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Warning over Lords amendments to data protection legislation

John Whittingdale said the Government was “absolutely right” not to go ahead with the second part of the Leveson Inquiry.

“Damaging” amendments to data protection legislation by peers would have a “chilling effect” on investigative journalism and make it impossible for publishers to expose scandals such as the Oxfam sex abuse claims, a former culture secretary has said.

John Whittingdale said the Data Protection Bill, due to be debated in the House of Commons on Monday, had been “hijacked” in the House of Lords, to include provisions which would threaten the freedom of the press.

It comes after the Government announced it was ditching the second part of the Leveson Inquiry, and said it would not put into effect a controversial measure which would have required media organisations to sign up to a state-backed regulator or risk having to pay legal costs in both sides of a libel case, even if they won.

Writing in the Sunday Telegraph, Tory MP Mr Whittingdale, culture secretary from 2015-16, described a similar measure for data protection cases, an amendment to the Data Protection Bill introduced by the Lords, as “damaging”.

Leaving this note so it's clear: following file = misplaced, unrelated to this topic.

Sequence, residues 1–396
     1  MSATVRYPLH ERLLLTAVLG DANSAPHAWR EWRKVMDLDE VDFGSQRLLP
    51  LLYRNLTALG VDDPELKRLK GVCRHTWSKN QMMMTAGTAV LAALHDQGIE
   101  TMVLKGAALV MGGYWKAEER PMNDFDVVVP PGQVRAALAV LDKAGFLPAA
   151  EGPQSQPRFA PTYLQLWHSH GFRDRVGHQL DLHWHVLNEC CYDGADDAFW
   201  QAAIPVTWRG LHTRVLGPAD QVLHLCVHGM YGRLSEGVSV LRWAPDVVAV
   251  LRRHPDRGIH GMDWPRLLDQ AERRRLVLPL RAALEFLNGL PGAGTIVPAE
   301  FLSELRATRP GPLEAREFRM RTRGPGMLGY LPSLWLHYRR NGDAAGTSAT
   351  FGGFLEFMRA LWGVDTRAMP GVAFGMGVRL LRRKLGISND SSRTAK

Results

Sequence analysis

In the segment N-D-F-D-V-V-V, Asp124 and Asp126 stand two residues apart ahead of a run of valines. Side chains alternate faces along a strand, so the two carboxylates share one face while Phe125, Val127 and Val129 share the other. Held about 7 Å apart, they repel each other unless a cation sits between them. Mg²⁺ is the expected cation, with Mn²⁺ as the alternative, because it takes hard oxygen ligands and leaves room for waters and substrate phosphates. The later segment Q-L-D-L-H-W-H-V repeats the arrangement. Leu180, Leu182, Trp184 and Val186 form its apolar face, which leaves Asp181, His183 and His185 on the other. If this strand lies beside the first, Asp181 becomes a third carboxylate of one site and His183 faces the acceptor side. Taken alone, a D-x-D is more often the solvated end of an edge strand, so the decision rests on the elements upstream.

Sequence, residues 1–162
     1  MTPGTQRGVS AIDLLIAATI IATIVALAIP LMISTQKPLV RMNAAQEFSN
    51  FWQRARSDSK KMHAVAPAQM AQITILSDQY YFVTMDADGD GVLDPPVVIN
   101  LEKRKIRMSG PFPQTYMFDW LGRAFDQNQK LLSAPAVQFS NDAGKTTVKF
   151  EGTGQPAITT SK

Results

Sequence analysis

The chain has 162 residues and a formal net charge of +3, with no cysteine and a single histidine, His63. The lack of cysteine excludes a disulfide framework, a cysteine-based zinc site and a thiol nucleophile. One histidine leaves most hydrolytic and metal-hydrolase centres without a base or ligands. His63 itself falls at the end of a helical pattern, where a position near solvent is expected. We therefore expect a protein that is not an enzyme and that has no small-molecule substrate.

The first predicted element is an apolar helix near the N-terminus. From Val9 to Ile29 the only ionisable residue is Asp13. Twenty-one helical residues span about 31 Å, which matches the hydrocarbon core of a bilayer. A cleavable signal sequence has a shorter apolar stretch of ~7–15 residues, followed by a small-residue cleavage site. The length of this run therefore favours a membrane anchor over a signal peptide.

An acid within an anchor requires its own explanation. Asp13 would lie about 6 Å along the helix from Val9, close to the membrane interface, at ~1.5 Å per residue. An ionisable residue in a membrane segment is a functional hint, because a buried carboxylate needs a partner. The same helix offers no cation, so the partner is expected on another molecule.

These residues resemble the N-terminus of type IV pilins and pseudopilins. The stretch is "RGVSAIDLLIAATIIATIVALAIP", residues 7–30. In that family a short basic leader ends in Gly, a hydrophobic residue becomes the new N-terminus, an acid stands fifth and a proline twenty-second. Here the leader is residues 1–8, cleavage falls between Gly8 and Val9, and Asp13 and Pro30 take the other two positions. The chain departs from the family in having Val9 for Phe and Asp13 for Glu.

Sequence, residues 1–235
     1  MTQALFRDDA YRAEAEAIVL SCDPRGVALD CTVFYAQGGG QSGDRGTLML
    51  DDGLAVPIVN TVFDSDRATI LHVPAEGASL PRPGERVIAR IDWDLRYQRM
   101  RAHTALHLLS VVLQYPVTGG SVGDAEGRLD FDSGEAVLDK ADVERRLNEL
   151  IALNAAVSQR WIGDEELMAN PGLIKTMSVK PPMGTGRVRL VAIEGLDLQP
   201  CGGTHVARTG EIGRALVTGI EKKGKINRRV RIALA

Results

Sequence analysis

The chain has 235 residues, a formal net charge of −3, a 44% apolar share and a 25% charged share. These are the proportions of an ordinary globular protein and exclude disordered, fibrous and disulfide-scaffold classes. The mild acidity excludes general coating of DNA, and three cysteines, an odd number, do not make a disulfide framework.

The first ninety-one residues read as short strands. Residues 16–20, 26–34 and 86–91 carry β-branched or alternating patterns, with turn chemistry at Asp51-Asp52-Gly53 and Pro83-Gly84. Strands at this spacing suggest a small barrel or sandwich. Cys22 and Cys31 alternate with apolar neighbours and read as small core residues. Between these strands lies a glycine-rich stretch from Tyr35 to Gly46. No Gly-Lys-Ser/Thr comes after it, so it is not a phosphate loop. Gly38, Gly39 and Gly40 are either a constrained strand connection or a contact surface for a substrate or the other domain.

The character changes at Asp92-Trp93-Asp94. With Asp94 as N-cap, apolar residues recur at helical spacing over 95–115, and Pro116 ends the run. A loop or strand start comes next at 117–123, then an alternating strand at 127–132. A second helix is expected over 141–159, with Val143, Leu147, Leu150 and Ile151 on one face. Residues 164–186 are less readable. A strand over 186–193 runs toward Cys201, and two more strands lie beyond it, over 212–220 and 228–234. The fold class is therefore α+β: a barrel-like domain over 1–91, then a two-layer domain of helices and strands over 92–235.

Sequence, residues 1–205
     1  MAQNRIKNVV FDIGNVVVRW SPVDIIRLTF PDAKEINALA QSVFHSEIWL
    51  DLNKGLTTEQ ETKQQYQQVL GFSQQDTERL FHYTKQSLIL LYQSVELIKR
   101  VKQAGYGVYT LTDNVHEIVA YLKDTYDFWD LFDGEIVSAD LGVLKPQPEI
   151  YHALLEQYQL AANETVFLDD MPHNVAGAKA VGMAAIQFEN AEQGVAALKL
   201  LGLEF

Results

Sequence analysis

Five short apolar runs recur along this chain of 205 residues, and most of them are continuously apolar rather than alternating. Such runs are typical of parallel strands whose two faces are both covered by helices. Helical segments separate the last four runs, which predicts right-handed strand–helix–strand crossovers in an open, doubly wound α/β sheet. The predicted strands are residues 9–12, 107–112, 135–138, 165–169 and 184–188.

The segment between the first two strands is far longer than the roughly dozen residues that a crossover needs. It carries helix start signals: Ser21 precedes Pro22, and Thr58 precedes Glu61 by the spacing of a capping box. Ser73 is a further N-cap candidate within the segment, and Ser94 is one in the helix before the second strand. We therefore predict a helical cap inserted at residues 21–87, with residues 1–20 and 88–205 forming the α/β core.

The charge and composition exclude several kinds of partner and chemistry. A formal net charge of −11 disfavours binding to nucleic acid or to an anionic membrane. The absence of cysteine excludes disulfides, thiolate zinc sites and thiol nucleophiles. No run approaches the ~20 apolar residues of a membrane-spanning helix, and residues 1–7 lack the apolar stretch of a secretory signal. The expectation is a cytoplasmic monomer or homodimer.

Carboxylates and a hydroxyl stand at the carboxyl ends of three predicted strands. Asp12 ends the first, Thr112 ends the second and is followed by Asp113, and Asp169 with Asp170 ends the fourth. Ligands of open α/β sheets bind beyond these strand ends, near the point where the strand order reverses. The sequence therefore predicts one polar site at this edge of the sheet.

He said: “It would have a massive and chilling effect on investigative journalism and would make investigations such as those into the Paradise Papers or the Oxfam scandal impossible to publish.

“These provisions are draconian, unnecessary and very possibly in breach of the European Convention on Human Rights.”

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Sir Brian Leveson chaired the first part of the Leveson Inquiry (PA)

He also said the Government was “absolutely right” not to press ahead with Leveson II, which was due to look into unlawful conduct within media organisations as well as relations between police and the press.

He said: “There is no need to rake over once again the events of a decade ago at great cost, particularly when the media landscape has changed so dramatically.

“A further Leveson Inquiry would not even cover the increasingly powerful news providers which are online and almost entirely unregulated.”

The decision not to go ahead with the second part of Leveson was described by Labour’s shadow culture secretary Tom Watson as “a bitter blow to the victims of press intrusion”.

Prime Minister Theresa May has said the Government will seek to overturn the House of Lords votes for tighter regulation of the media.

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